Ballmer is such a malignant dick - spreading FUD about the iPhone app store - in the end, it will be Bill Gates' wholly unethical approach to business that gave MS a ghastly reputation (and some third-rate products) - but it will be Steve Ballmer's small-dick/loud-mouth ravings that will finally bury the company. What a waste.

i've seen silverlight implemented nicely already (0)

Anonymous Coward | more than 6 years ago | (#22676090)

on mlb.com, major league baseball's official site. they run a service where you can get games through their site for a season pass price. you can get video tv feeds or radio audio feeds.

this year, though, in the past few weeks, they switched their media player from a basic WMP pop-out window to a new-fangled Silverlight media player. when i was first prompted to download SL to use it, i was kinda pissed, but after using the new player for a day i was impressed. it loads very quickly, the video resizes easily, and all the scoreboard and stat readouts are welcome additions.

now i'm not a flash or SL developer or anything, but frankly i've never seen a flash-based media player that looks as nice or loads as fast as this one does. i'm not sure what SL is doing here that's better than flash, if anything, but it's still quite nice and looks like it took a lot of hard work to build.

if any slashdotters decide to go check it out, i'd be interested to read a more technical-minded opinion of that SL media player.

Is this really surprising? (1)

awjr (1248008) | more than 6 years ago | (#22676174)

A technology that requires you to be running Windows (there is a nod towards delivering a Linux runtime at some point) and inside a browser.

In comparison, you have a Adobe's Flash runtime which pretty much permeates the browser 'sphere', the release of AIR which completely discards the browser (which is a hugely significant for business), and Flex which can be considered a mature development environment seeing as they've now hit version 3. Adobe have also committed to not use anything other than Flash 9 for the Flex SDK until at least version 4. So we are talking about a 4 year stable build environment and Flash is always built backwards compatible.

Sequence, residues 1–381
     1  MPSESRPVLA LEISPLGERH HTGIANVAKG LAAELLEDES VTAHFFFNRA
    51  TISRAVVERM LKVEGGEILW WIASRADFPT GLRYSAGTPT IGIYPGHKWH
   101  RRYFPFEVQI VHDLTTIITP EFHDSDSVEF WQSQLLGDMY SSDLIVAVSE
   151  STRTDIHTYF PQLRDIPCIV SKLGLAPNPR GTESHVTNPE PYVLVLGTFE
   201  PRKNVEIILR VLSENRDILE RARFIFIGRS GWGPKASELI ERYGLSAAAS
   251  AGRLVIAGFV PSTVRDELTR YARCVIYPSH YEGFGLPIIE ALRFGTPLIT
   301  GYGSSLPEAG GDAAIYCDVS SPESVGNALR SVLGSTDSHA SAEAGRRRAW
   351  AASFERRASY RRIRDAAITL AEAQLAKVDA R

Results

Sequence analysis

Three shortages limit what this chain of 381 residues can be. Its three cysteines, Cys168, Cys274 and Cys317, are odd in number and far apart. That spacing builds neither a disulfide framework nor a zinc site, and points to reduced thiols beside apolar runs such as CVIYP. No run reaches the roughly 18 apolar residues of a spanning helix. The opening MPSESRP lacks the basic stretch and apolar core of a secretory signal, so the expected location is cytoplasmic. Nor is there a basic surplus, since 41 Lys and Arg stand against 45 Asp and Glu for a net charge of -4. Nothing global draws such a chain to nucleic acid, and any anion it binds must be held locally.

I really can't see why a business would choose Silverlight as a delivery technology. There are too many OSs out there to bet everybody I want to deliver my apps to are running Windows.

I will evaluate Silverlight when I can see it as *cross-platform* and not a *cross-browser* solution. Until that day arrives I'll poke it with a stick to see all the sparkly bits, but I'm not investing my time on a single platform technology. I realise the same could be said for AIR, however they already are in Beta for Linux, and I believe they are testing OS X as well. I don't see any of this type of effort coming out of Microsoft.

Now if Adobe could commit to releasing AIR for PDAs/Mobiles at some point, then I think we may have complete ownage.

easy formula for domination (2, Insightful)

Locutus (9039) | more than 6 years ago | (#22676208)

Leverage the monopoly and wait til success arrives.
If it does not happen too quickly, start paying for a quicker uptake.

Success using this simple technique has been quite good for Microsoft. Failures are all but guaranteed when they can't find a way to leverage the marketshare of Windows.

This silverlight software is all about the Windows desktop, is their response to Adobes position such that they are also pre-installed on close to 100% of the computer which are pre-installed with Microsoft Windows. Couple that distribution capability with the Adobe Flash/Flex capabilities to tie into backend services for a very rich client experience and Adobe is as much of a threat to Microsoft as Netscape once was.

BTW, Microsoft is out purchasing uptake for Silverlight at this moment. We've already heard about the US Library of Congress deal and there's a few more I can't recall specifically. Oh and with web pages so often relying on a plugin feature like Flash, I think Microsoft figured out that they no long need to keep proprietary HTML extensions in the browser to lock in developers to Windows, they have the above formula and Silverlight. Another nice lockin technology. IMO.

LoB

Why Silverlight? (1)

bhima (46039) | more than 6 years ago | (#22676394)

OK I confess I don't really pay attention to Flash and I thought that Silverlight was a competitor to Flash. But now there seams to be a legion of competing software development platforms that do things I didn't think people did with Flash. So if Flash is for making things like that "Badger, Badger, Badger, Snake!" Animation (the last thing I remember seeing in Flash). Is Silverlight another animation application? And how are all of these things related to Adobe's Flex and Air?

Thanks slashdot (0)

Anonymous Coward | more than 6 years ago | (#22676558)

Now I get to hear that dev on the Silverlight team bitch loudly about this all morning long...